But there is a line. And Susan just crossed it. 

"No I wouldn't," I tell her in Mary's house, where we've gathered on January 1st, to get the New Year off to the traditional sociable start, with whisky, chat and Belgian chocolate.

"You wouldn't what?" Carol says, coming through from the kitchen. "And why are you sitting so far from Big John on the couch?" 

"They were closer a moment ago," Susan says. "Much closer," she adds archly. "They separated when I asked if they were exploring their gay side."

"And I said I didn't have a gay side," John says. "But if I did, I'd be the man.

"I agreed," Susan says, nodding at me. "And he'd be the woman."

Carol takes a cursory glance at the two of us and sits down in the middle of the sofa. "He would," she announces. "Anybody can see that."

"No they can't," I say, feeling beleaguered. "I don't want to be the woman. I got nothing against women. I like women. I just don't want to be one."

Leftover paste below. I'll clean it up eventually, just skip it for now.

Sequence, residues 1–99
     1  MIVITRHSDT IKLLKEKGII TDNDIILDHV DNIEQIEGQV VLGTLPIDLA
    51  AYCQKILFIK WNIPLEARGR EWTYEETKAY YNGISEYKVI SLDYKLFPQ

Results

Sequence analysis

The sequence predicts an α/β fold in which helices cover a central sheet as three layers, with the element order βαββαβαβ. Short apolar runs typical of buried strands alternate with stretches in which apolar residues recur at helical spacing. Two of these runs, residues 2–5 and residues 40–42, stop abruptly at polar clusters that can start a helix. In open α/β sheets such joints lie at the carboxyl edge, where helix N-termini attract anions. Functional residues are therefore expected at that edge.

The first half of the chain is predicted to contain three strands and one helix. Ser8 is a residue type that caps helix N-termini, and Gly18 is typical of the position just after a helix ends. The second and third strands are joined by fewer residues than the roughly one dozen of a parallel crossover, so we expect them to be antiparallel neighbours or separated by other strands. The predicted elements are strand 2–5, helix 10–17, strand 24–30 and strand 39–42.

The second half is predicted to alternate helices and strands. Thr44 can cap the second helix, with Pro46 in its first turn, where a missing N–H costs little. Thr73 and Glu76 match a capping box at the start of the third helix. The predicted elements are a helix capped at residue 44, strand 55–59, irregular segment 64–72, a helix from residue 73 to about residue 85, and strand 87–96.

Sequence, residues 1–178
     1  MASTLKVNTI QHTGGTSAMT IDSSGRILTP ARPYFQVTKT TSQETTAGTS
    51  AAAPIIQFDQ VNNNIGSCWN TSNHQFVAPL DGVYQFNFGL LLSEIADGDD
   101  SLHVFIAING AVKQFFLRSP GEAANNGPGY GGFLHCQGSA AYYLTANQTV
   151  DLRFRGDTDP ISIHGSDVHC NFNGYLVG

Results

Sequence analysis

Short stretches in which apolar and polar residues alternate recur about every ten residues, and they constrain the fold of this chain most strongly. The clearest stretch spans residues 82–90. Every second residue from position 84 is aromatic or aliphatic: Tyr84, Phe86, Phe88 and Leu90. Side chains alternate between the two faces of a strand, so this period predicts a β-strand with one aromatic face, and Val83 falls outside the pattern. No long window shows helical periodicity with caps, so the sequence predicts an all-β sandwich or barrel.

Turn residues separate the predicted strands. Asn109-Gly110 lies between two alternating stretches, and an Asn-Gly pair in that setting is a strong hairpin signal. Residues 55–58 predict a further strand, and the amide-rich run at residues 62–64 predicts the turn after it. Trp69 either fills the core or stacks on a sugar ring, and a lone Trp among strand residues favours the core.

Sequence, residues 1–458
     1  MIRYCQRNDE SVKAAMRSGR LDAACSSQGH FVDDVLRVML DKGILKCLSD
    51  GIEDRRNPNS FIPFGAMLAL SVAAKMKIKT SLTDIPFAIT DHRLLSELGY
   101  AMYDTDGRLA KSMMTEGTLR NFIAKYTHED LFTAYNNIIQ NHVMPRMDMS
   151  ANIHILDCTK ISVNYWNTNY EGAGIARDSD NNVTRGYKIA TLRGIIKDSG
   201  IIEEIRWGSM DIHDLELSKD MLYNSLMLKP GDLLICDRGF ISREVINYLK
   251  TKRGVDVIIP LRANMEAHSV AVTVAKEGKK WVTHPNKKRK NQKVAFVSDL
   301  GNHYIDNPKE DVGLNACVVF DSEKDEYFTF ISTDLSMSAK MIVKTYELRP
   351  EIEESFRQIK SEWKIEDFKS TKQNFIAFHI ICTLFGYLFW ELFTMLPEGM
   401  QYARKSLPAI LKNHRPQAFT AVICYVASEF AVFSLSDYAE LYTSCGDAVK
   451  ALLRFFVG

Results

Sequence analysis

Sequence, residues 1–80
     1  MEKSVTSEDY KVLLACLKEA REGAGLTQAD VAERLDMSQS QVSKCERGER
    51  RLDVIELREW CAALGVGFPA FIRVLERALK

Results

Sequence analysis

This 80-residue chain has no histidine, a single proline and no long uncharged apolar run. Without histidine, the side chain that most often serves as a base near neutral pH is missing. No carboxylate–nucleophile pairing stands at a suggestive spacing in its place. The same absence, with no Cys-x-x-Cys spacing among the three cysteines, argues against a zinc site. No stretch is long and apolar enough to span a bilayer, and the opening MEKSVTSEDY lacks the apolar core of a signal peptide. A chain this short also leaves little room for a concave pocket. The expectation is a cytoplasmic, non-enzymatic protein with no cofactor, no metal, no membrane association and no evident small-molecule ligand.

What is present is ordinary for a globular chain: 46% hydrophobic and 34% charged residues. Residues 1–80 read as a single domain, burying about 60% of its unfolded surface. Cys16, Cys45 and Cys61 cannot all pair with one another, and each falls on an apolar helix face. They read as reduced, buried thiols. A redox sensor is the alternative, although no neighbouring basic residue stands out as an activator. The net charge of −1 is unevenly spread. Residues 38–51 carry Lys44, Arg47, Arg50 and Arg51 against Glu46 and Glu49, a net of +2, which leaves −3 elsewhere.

"All we mean is that you have a soft side," Carol says, patting me on the thigh. "You're sensitive," she says, stroking my arm. "It's a good thing."

"That's right," Susan says, keeping her face straight with a struggle. "Lots of guys would envy you."

"Do you envy me?" I ask John and his laugh is loud, raucous and, to my sensitive ear, bloody tactless. 

"He doesn't envy me," I say. "Listen, I got in touch with my feminine side once. She didn't like me."

"Build a bridge," John says, in his gruff, manly way. "Get over it. It's all hypothetical anyway. We're not gay. You and I are not going to have a relationship."

"That's true," I say and start to chill. "This is excellent whisky, Mary," I tell her and she flashes her lovely smile across the room.

"Because if we were gay you wouldn't be my type," John adds.

"What?" I say, the tension back in an instant.

"You heard," he says. 

"This gets worse," I say. "I'm not just a woman. I'm a woman no one could fancy." 

"I fancy you," Susan whispers. "I'll show you when we get home."

I give her a smile and relax - too soon again.

"After you've washed the dishes and made the beds," she tells me.